**note: tracking distance is usually 85% of the detection range.**

The Gripen would see the Su-30k first and would have 8km headstart to engage it before the Su-30k radar can track the small Gripen. (since closing velocity is 3000Km/h)

However, at the time of writing this article, none of the belligerent has any BVR capable  missiles.

BVR and WVR engagement

The SAAF A-Darter missile
The SAAF A-Darter missile

Neither The SAAF nor the Angolan Air Force posesses BVR capabilities at this moment. The SAAF IRIS-T has an engagement range of 22km additionally the new A-darter has a 24km range while the Angolan R-60 infrared  Air-to-air missile have a maximum range of only 8km. So during a merge, the SAAF Gripen has an excess of 12km to shoot down the Su-30k with either the IRIS-T or the A-Darter.
The A-Darter has a 360 degree off-boresight capability which allows it to shoot down targets at any direction even at the 6 O’clock position without turn the aircraft.

Although, the Su-30K possesses another powerful device which is the OLS-30 IRST– very useful in WVR engagements, it will enable the sukhoi to sneak up on its opponents without using its radar (whose emissions can be detected) and fire the first shot if necessary. OLS-30 laser -optical Infra-red search and track includes a day and night FLIR capability and is connected to the helmet mounted sighting system with a detection range of up to 90 km depending on the atmospheric conditions but yet again the Angolan flanker is limited to the 8km range of the R-60 missile.

The R-60 missile
The R-60 missile


an aerial dogfight
A graphical representation of an aerial dogfight

We will look at technical factors like

  1. Wing Loading
  2. Power-To-Weight (PTW) ratio
  3. Limit load factor (G-limits)

Although, other critical criteria like Maximum Alpha, Stall Speed,  Wing +ve/-ve lift force ratio at all speed, Sink rate, Induced drag and wing G-limit load factors would have been very useful in this analysis but such data is difficult to access.

**note a high P-T-W ratio would translate to a faster rate of climb while a lower wing loading means more tighter turns during dogfighting.

FACTORS Su-30K Gripen
Positive limit load factor (G-limits) 9Gs 9Gs
Wing area (m^2) 60.0 30.0
Wing Loading (m^2) 82.3 lb/ft² 58.0 lb/ft²
Maximum engine thrust 27.3K ibf 18k ibf
Power-To-weight ratio 0.96 0.97
Maximum take-off weight 85,600 lb 31,000 Ib


  • POSITIVE LIMIT LOAD FACTOR is equal for both aircraft.
  • WING LOADING: Favors the Gripen C with its decisive 23% lower wing loading.
  • THRUST TO WEIGHT RATIO: Almost even for both aircrafts, with a small advantage for the Flanker.

This means that in a dogfight, although the Gripen would be more agile,  but the flanker would have more power for  acceleration to greater height. The winner in this contest would depend on the pilot with the best skill in pressing home his aircraft strong points.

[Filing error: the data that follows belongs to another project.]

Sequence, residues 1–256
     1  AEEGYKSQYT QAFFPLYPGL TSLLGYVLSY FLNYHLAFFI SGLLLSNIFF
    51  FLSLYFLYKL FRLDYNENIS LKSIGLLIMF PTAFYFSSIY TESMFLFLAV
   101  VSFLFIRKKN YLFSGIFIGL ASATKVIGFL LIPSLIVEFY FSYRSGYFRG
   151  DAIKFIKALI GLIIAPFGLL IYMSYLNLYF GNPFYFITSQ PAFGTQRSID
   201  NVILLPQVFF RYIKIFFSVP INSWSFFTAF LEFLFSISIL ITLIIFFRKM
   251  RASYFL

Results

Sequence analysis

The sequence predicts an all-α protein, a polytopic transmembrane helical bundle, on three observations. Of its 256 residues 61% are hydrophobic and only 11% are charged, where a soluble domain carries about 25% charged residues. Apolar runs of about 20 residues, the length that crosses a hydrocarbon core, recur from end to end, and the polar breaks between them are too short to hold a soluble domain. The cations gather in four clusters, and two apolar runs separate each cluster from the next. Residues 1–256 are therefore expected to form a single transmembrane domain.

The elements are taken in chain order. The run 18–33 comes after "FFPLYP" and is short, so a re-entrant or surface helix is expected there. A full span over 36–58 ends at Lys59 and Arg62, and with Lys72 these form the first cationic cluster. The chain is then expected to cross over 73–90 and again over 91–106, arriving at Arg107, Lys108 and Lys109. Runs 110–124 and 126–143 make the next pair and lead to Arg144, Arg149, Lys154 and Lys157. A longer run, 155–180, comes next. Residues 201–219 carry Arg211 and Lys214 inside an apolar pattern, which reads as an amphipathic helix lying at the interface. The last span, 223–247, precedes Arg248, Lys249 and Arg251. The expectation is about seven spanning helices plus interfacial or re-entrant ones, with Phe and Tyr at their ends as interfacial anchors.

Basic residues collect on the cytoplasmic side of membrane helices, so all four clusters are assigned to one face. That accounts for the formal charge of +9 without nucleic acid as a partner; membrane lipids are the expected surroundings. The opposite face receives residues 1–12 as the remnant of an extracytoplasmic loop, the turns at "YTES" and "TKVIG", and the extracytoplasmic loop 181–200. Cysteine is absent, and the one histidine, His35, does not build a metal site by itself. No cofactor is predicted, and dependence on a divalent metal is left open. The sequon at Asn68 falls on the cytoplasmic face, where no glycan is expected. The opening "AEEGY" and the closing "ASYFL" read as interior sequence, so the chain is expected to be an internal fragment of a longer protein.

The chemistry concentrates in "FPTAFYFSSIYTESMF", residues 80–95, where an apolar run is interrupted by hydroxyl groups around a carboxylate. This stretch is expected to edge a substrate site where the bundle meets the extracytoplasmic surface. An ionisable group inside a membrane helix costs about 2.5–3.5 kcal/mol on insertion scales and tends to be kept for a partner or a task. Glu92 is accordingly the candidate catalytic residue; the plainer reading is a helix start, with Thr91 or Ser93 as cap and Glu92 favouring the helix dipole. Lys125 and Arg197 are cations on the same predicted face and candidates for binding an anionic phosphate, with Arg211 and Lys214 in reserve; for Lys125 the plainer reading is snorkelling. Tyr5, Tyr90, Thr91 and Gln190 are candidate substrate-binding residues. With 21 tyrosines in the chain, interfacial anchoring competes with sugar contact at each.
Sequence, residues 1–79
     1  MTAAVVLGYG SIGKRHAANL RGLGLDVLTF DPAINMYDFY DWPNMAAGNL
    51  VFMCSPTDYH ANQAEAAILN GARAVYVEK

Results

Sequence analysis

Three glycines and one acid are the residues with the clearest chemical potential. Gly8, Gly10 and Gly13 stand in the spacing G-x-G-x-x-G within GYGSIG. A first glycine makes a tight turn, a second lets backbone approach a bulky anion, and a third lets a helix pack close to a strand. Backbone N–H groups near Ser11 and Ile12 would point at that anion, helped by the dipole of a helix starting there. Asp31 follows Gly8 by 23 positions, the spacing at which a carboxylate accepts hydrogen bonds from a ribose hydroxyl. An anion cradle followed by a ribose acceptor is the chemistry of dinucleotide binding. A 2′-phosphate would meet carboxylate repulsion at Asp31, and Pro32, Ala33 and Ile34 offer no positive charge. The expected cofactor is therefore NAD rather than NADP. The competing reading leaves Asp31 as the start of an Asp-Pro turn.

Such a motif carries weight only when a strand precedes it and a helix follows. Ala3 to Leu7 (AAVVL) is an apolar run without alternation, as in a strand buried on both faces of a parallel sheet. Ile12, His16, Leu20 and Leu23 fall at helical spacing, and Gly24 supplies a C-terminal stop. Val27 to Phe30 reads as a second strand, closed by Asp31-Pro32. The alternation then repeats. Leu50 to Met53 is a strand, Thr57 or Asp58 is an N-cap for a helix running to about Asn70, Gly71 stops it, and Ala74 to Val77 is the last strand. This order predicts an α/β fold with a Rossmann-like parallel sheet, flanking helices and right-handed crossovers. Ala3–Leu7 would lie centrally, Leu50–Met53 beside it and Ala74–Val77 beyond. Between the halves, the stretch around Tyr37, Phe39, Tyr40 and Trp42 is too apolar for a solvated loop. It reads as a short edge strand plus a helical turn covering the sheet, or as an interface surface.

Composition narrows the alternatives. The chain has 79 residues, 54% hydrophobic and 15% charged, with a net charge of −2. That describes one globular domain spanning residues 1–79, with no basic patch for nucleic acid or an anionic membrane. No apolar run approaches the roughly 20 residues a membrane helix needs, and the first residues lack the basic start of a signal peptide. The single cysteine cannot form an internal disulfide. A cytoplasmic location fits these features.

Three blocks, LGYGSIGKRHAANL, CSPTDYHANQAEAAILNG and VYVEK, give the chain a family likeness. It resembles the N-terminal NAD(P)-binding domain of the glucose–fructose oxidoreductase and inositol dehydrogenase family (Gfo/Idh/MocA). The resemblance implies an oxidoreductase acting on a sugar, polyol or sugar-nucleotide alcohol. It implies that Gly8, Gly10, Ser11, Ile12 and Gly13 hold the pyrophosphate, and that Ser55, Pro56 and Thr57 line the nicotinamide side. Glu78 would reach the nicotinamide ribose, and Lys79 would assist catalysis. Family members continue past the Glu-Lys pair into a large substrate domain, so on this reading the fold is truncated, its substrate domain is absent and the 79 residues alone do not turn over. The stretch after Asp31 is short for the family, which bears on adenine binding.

As an air superiority aircraft, the flanker tromps the Gripen hands down. Using the INTERNAL FUEL FRACTION (INTFF) to assesss both aircraft, the INTFF: Favors the Flanker by a huge 68% margin, indicating it can travel 68% farther for the same engine fuel efficiency.



Also favors the Flanker-G as it can carry a commanding 57% (2,890 kg) more load than the Gripen.

In conclusion, the Gripen if well utilized can achieve a favourable kill ratio against the Su-30. The Gripen strength includes it  very low Radar Cross-Sectional Area (RCS) Which makes it see and track the flanker first- giving it a ‘first see first shoot’ advantage.

The Angolan Flanker is also a great fighting machine having greater power, more fuel and payload than the Gripen. it’s large RCS and none over-the-horizon missiles might be a slight disadvantage.

Please note,  important technical data was gotten from rhk111smilitary and arms page website


  1. The Angolan Air Force should endeavor to equip its fighters with better BVR air-to-air missiles like the R-27 (AA-10C) “Alamo” medium-range air-to-air missiles or the AA-12 Adder (Russian R-77) missile.
  2. They should improve pilot training and combat tactics.
  3. The N011M Bars radar can act as s mini-AWACS or a command post for four other aircraft. The Angolans should fully exploit this capability.
  4. In any aerial combat against the Gripen, the Angolan flankers should attempt to reach higher altitude since it has more greater service ceiling and More power-to-weight to get there faster than the Gripen.
  5. In approaching a merge, the flanker should use it’s IRST device which can detect the Gripen from 30-90km depending on the atmospheric condition. While keeping it’s radar switched off.
  1. The SAAF should induct the Denel Dynamics Marlin radar-guided missile currently under development.
  2. The SAAF should restart it’s aerial refueling capabilities which it dropped few years back due to financial constraints.
  3. The Gripen should never follow the flanker to higher altitude.
  4. The Gripen should utilise it’s agility in a dogfights.

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About the Author

E Lionel
Techy, Futurist.

7 Comments on "[Analysis] South African Air Force Gripen versus Angolan Air Force Sukhoi Su-30K flanker who wins?"

  1. The issues for the SAAF are that the Denel Marlin will not be available for several years. although development is proceeding, we are several years away from a production line and given that the SAAF has not ordered the Denel Marlin would indicate that they're unable to place a firm order which is critical for development. It would require at the very least $150 million USD if Denel were to design and manufacture the Marlin themselves within 10 years, if the hope is to half that timeline the USD figure would be doubled. It would also require an additional order of $150 million USD for a minimum of 200 missiles to justify opening a production line.

    Unfortunately, I cannot see Denel nor the SAAF being able to outlay $300 million USD specifically aimed at a BVR missile project. Remember, this would be for the air to air variant only. It would likely costlier if at the same time Denel aims to produce a surface to air variant that could be ship launched and land launched.

    I would recommend that your recommendations for the SAAF should then be procuring a small batch of BVR missiles such as the AIM-120. I do not think that the SANDF could afford the Meteor as well as the SAAF would need to upgrade their Gripen radar to the PS-05/A Mk4.